What does this mean? First, that the state should defend collective as well as individual rights, second, that the state should expand its official celebrations, to include not only its own history but the history of all the peoples that make up the American people, third, that tax money should be fed into the ethnic communities to help in the financing of bilingual and bicultural education, and of group-oriented welfare services. And if all this is to be done, and fairly done, then it is necessary also that ethnic groups be given, as a matter of right, some sort of representation within the state agencies that do it.

These are far-reaching claims. They have not received, any more than the earlier pluralism did, a clear theoretical statement. They are the stuff of public pronouncements and political agitation. Their full significance is unclear, but the world they point to is a corporatist world, where ethnic groups no longer organize themselves like voluntary associations but have instead some Political standing and some legal rights. There is, however, a major difficulty here: groups cannot be assigued rights unless they are first assigued members.

There has to be a fixed population with procedures for choosing representatives before there can be representatives acting officially on behalf of that population. But ethnic groups in the United States do not have, and never have had, fixed populations. American Indian tribes are a partial exception).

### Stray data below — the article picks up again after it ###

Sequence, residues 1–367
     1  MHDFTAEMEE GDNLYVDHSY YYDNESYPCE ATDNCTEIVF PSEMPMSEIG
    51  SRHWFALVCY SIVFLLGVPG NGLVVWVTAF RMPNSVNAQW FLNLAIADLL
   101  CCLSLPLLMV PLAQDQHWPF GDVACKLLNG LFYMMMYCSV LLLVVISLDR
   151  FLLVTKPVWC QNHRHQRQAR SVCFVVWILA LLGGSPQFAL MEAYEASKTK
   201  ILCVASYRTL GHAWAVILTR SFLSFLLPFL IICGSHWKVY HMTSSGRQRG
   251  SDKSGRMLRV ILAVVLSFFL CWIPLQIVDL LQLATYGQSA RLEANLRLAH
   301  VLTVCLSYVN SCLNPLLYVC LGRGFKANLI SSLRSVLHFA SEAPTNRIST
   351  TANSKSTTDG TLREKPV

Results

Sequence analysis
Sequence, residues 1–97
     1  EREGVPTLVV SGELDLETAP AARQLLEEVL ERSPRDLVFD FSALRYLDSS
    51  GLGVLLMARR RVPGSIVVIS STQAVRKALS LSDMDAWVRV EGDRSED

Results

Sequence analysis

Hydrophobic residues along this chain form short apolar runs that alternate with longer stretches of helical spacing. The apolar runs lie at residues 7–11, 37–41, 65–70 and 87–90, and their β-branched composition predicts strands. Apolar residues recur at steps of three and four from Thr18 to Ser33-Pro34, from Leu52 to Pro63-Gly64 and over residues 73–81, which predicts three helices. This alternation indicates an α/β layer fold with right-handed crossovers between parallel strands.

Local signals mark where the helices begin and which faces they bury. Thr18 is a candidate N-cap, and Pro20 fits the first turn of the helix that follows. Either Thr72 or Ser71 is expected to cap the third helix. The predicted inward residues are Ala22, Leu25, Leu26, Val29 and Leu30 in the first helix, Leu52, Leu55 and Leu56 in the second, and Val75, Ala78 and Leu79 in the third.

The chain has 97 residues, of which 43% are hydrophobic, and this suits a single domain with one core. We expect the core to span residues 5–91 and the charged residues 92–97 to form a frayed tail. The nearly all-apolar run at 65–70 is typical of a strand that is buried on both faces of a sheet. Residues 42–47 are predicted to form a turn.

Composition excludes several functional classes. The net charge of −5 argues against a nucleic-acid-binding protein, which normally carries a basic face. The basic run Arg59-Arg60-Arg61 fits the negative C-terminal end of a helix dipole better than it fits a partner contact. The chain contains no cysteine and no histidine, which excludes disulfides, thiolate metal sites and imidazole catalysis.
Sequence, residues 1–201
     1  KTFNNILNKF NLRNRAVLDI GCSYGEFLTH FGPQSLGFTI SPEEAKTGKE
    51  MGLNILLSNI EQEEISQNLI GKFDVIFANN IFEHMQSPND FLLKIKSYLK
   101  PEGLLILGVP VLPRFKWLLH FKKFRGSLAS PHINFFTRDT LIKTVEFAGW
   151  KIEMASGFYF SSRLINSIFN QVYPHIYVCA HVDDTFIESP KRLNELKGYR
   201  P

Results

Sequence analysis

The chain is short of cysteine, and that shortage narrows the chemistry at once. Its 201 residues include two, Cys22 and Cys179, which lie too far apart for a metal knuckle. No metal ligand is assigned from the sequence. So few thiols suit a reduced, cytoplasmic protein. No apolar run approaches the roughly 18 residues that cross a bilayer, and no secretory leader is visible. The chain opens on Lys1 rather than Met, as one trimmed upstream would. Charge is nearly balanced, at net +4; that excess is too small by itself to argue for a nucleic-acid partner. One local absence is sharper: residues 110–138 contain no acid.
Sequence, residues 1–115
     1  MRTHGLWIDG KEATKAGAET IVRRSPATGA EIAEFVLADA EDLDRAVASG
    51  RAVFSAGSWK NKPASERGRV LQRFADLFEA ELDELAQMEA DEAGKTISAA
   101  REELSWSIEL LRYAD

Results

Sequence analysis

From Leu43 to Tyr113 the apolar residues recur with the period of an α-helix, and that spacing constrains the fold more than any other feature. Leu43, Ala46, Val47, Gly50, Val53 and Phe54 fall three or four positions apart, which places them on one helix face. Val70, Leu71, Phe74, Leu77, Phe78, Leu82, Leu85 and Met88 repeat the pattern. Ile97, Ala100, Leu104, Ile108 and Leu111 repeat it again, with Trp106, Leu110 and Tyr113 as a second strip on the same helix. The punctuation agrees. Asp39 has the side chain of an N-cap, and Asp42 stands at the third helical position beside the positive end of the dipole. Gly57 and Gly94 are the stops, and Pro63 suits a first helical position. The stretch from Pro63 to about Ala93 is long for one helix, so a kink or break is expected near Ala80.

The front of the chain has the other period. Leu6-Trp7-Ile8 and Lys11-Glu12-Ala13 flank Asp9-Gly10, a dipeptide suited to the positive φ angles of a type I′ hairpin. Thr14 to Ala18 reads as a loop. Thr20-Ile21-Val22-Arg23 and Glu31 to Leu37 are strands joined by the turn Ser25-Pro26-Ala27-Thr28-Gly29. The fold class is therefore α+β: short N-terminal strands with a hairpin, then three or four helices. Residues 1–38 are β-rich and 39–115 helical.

Historically, corporatist arrangements have only been worked out for groups that do. In fact, they have only been worked out when the fixity was guaranteed by a rigid dualism, that is, when two communities were locked into a single state: Flemings and Walloons in Belgium, Greeks and Turks in Cyprus, Christians and Muslims in Lebanon. In such cases, people not identified with one community are virtually certain to be identified with the other. The residual category of intermarried couples and aliens will be small, especially if the two communities are anciently established and territorially based. Problems of identification are likely to arise only in the capital city. Other sorts of problems arise more generally; these examples hardly invite emulation.